Rejsekort A/S (a Danish company providing a united electronic ticketing system and travel pass for passengers travelling by bus, train and metro thereby making it more simple for passengers to use public transport services in Denmark) has on several occasions experienced that passengers’ trips are incorrectly registered on their travel passes when ‘checking in’ or ‘checking out’ in the ticketing system due to e.g. bus drivers’ inadequate setting of routes. Human errors may of course occur, however, according to the GDPR principle about “accuracy”, the company must in such incidents rectify the incorrect registrations on travel passes, which according to Rejsekort A/S only happened if passengers approached Rejsekort A/S themselves.
The rectification provided by Rejsekort A/S in the ticketing system was made by means of additional information about the passengers’ actual trip and thereby not by means of an actual rectification, which would have been the case if the incorrect ‘check-ins’ and ‘check-outs’ had been replaced with the actual ones. Rejsekort A/S has explained that technically the system cannot provide for rectifying information in such way. It was for this reason that the Danish DPA decided that Rejsekort A/S did not comply with the obligation that passengers have a “right to rectification”.
In addition, the DPA found that the way in which Rejsekort A/S processed data about passengers’ location, did not in general comply with the GDPR principles on “lawfulness, fairness and transparency” and “data minimisation”.
Hence, the DPA has also ordered Rejsekort A/S to produce a statement on how and when IT support pertaining to passengers’ travel passes will be made consistent with the GDPR.
The decision helps clarify the interpretation of article 16 of the GDPR: ”Right to rectification”. According to the provision, the data subject shall have the right to “obtain from the controller without undue delay the rectification of inaccurate personal data concerning him or her.” According to the DPA, a supplementary statement fails to meet the obligation incumbent on the data controller about “rectification” of personal data.
In January, several photos were disclosed of the home of Prince Harry and Meghan, Duchess of Sussex, i.a. photos of their living room and bedroom. Splash News had taken the photos using a helicopter to get quite close to the house, which according to the royal couple’s attorney was a rented house due to its “high level of privacy”. Since the incident, neither Prince Harry nor the Duchess have felt safe in their home.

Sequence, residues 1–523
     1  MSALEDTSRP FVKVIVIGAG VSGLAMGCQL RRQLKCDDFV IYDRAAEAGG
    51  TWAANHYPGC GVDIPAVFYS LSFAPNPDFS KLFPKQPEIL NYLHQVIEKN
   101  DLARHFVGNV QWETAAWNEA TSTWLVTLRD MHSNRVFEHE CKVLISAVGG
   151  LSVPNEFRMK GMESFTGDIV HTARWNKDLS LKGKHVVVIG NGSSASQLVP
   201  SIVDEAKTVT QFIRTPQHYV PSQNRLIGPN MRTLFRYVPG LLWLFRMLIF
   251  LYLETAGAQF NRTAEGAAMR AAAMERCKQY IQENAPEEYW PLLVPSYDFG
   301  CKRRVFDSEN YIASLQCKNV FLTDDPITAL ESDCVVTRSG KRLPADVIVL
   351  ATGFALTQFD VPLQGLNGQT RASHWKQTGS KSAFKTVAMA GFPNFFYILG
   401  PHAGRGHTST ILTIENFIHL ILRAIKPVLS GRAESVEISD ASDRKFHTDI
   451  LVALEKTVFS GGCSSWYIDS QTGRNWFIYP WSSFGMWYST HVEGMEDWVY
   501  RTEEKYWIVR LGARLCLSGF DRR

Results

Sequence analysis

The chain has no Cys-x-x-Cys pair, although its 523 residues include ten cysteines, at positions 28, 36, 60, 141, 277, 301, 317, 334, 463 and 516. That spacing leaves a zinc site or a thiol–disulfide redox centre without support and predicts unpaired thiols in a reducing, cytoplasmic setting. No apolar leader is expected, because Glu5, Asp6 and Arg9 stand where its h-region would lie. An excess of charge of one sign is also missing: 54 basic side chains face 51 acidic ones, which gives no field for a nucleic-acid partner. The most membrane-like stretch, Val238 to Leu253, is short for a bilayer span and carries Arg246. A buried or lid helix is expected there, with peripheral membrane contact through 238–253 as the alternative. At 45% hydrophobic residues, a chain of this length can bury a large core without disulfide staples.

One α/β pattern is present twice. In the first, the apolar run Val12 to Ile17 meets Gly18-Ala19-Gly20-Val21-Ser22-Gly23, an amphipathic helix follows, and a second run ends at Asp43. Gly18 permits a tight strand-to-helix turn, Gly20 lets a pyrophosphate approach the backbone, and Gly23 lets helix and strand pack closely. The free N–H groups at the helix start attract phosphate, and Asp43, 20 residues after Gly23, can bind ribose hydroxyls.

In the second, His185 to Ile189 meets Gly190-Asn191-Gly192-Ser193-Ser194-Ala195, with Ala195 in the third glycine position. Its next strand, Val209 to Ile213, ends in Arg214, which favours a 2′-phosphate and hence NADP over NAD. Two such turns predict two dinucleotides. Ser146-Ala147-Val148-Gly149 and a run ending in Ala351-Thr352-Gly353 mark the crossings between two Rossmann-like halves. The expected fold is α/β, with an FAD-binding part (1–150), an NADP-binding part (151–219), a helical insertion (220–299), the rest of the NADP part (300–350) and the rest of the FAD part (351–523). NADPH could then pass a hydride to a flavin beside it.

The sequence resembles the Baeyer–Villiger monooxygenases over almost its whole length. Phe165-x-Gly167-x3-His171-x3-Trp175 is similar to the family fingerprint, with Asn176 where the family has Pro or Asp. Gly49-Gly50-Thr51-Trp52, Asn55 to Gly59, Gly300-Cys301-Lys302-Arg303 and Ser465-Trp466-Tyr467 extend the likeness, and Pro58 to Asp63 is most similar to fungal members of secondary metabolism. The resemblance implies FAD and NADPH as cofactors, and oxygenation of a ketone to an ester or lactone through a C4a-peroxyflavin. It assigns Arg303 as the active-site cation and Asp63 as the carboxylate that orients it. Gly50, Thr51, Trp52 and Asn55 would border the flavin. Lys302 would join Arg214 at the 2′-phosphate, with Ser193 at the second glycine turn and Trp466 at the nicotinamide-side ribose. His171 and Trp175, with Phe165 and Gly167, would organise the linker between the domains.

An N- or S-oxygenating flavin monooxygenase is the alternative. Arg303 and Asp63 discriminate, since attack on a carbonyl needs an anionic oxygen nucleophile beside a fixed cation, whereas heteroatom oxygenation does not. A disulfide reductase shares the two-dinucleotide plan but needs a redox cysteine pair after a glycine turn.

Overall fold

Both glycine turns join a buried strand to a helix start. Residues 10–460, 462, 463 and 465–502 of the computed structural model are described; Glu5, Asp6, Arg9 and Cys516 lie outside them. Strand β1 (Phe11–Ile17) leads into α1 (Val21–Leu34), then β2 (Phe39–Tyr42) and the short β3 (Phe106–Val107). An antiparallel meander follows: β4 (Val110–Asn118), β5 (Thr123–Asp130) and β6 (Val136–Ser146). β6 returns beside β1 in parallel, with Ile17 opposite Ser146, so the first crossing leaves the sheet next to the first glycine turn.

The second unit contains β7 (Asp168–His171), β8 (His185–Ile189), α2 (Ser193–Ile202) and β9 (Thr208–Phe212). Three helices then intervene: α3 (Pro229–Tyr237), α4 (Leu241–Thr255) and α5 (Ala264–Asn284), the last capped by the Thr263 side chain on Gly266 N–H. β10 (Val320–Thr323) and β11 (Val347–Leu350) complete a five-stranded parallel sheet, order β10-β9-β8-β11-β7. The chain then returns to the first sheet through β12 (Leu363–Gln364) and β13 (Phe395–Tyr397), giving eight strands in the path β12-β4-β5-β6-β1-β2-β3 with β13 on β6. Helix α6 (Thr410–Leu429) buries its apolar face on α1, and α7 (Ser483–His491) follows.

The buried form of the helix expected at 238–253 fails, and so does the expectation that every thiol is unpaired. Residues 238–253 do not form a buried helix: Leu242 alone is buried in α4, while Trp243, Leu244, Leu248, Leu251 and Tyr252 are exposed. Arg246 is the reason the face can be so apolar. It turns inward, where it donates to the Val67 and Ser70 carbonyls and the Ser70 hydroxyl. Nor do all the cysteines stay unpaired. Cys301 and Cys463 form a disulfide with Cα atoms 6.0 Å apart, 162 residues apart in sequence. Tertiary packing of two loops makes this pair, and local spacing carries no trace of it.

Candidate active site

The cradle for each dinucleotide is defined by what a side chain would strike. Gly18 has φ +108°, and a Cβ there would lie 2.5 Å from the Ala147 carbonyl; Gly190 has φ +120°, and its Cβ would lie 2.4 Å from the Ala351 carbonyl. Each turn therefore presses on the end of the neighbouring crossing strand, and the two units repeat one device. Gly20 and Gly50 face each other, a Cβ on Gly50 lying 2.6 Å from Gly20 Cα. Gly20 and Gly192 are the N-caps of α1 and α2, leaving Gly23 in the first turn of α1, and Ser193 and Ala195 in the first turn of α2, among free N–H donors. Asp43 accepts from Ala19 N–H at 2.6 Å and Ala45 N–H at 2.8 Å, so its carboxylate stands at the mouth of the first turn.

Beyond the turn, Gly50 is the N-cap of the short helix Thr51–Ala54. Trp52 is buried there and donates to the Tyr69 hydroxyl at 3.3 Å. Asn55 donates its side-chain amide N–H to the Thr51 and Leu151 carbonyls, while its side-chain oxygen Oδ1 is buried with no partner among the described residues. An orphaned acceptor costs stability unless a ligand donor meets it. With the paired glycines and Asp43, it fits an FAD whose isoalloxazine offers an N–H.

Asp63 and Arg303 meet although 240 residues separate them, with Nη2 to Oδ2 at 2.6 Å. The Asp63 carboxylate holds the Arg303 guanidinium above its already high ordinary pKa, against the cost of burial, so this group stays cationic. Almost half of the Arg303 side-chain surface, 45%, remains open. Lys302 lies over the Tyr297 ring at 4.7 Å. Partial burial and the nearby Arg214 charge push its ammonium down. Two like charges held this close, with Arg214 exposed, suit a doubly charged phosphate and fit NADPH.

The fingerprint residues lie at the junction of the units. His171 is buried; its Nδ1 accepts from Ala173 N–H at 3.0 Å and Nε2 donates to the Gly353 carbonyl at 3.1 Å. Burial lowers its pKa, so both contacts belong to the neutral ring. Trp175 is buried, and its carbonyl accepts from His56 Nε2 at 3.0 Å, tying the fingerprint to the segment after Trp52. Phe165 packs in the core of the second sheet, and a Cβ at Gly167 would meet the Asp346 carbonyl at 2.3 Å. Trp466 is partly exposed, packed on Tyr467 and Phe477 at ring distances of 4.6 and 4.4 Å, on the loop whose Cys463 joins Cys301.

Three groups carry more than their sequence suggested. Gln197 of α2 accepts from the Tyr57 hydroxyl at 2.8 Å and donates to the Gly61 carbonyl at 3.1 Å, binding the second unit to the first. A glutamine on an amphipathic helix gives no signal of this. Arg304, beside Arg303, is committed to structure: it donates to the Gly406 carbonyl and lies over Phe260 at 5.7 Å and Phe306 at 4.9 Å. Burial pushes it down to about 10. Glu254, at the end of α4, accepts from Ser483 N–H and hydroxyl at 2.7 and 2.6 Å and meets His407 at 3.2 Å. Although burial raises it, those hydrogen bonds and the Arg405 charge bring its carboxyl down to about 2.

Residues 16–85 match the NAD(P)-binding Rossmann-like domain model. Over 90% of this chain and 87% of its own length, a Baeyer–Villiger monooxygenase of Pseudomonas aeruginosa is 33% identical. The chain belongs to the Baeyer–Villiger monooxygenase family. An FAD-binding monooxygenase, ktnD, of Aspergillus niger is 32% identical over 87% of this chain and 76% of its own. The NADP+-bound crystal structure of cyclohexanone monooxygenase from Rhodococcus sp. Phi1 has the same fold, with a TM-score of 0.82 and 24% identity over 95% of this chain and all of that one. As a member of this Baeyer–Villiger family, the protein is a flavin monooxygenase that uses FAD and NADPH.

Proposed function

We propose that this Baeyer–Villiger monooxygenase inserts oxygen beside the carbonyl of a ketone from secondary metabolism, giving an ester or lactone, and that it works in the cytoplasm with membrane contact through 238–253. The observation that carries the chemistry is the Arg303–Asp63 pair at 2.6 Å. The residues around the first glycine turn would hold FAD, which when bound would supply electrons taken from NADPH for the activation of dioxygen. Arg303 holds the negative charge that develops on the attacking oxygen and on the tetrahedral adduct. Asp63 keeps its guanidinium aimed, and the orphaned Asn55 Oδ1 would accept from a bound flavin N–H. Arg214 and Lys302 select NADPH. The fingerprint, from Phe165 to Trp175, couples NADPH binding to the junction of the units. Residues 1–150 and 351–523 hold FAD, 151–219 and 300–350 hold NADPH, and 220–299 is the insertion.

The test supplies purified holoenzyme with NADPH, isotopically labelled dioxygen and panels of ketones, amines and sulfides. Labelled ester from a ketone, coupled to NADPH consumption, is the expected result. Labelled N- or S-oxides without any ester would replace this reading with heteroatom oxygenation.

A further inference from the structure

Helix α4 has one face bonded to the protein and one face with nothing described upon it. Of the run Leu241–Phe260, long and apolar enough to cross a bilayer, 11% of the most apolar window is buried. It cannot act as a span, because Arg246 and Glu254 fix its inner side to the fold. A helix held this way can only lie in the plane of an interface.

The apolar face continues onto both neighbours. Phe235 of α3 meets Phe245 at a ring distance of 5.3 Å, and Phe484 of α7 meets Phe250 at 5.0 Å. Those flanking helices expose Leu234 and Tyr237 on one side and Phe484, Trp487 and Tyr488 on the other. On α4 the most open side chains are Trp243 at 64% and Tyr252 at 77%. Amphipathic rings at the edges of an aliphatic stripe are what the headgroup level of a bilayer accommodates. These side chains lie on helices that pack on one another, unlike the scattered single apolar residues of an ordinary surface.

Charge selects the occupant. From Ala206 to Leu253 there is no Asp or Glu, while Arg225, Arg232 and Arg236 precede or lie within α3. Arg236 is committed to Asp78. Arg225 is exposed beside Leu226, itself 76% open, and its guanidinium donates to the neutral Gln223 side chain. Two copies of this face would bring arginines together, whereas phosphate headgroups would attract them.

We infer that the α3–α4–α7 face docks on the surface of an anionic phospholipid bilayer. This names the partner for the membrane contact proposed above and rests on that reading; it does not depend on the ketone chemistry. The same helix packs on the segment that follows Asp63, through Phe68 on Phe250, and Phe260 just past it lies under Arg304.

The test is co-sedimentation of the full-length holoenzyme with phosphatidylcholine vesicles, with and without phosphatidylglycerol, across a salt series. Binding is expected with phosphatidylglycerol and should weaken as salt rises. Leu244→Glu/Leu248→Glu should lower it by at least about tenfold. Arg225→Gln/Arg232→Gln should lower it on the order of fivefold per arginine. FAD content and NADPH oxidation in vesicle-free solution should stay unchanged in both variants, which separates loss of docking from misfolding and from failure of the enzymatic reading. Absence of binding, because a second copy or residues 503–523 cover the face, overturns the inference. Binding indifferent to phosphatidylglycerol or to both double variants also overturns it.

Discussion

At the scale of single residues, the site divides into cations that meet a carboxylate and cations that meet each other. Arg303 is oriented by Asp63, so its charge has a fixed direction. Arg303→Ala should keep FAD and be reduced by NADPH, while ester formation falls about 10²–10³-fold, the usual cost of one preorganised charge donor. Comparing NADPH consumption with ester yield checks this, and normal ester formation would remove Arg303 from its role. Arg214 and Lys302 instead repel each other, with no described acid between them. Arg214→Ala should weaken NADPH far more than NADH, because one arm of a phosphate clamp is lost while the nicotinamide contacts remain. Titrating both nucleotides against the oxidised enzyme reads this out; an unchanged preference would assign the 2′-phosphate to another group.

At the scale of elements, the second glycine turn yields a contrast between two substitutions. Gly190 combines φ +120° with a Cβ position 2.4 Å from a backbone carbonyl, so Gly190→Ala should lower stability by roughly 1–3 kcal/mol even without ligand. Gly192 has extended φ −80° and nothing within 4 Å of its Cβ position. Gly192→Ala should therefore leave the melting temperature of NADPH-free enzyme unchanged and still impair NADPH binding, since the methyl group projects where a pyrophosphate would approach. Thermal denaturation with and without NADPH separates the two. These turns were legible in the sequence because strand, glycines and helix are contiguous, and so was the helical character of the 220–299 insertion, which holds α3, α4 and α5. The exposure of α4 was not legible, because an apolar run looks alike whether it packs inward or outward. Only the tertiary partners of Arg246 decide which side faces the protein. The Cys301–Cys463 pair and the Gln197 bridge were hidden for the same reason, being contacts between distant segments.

The fact that the British royal family is surrounded by paparazzi is not a novelty; however, it was quite a novelty that they would sue the agency claiming that processing of their personal data - i.e. the photos - constituted illegal data processing according to the GDPR. To which extent this indeed was and is the case remains unanswered, seeing that the parties agreed to conclude a settlement by means of a substantial compensation to the royal family and an apology in which Splash News declared that such incident would not be repeated, and they admitted having violated i.a. the GDPR.
Although the issue did not end up in court, it should be expected that investigations will be made as to whether there were any legitimate grounds for taking and disclosing the photos, and whether the photos were taken and disclosed according to the GDPR principle on “lawfulness, fairness and transparency”.
The case shows what the GDPR is particularly all about: an implementation of Article 8 of the Charter of Fundamental Rights of the European Union, which states that “Everyone has the right to the protection of personal data concerning him or her”. To which extent there were any legitimate grounds for processing personal data in this case, remains unclarified.
A Lithuanian e-bank, MisterTango, has been imposed with a fine, first of all for not having processed personal data in compliance with the GDPR principles, secondly for not having provided sufficient organisational and technical measures, and thirdly for not having notified the Lithuanian supervisory authority about a violation during the summer of 2018.
In respect to the first issue, in connection with money transfers, MisterTango did not only store data on account numbers, currencies and other necessary data needed for carrying out the transaction, however also stored other - irrelevant - data such as the name of the person’s pension fund. Furthermore, the e-bank stored all data for 216 days despite a policy stating that it was only necessary to store data for 10 minutes. Hence, the case resembles the case from March 2019 about the Danish taxi company, Taxa 4x35, seeing that MisterTango, too, did not comply with the fundamental GDPR principles about data minimisation and storage limitation.
Regarding the other two issues, a list stating transactions had by mistake been made available online for more than two days to the public through the company’s website, thereby constituting a breach of the GDPR, which should generally be notified to the supervisory authority. MisterTango failed to do so. In connection with investigating the breach, it was found that the entire IT infrastructure and thereby also the inconsistent functions like for example maintenance on the one hand and control on the other were managed by the one and same employee. Hence, it was decided that there were inappropriate organisational and technical measures ensuring the requirement for “secure processing” and the principle on “integrity and confidentiality”.
The decision demonstrates the importance of not only declaring through policies or similar, how personal data are and should be processed, but also how it should be executed in practice.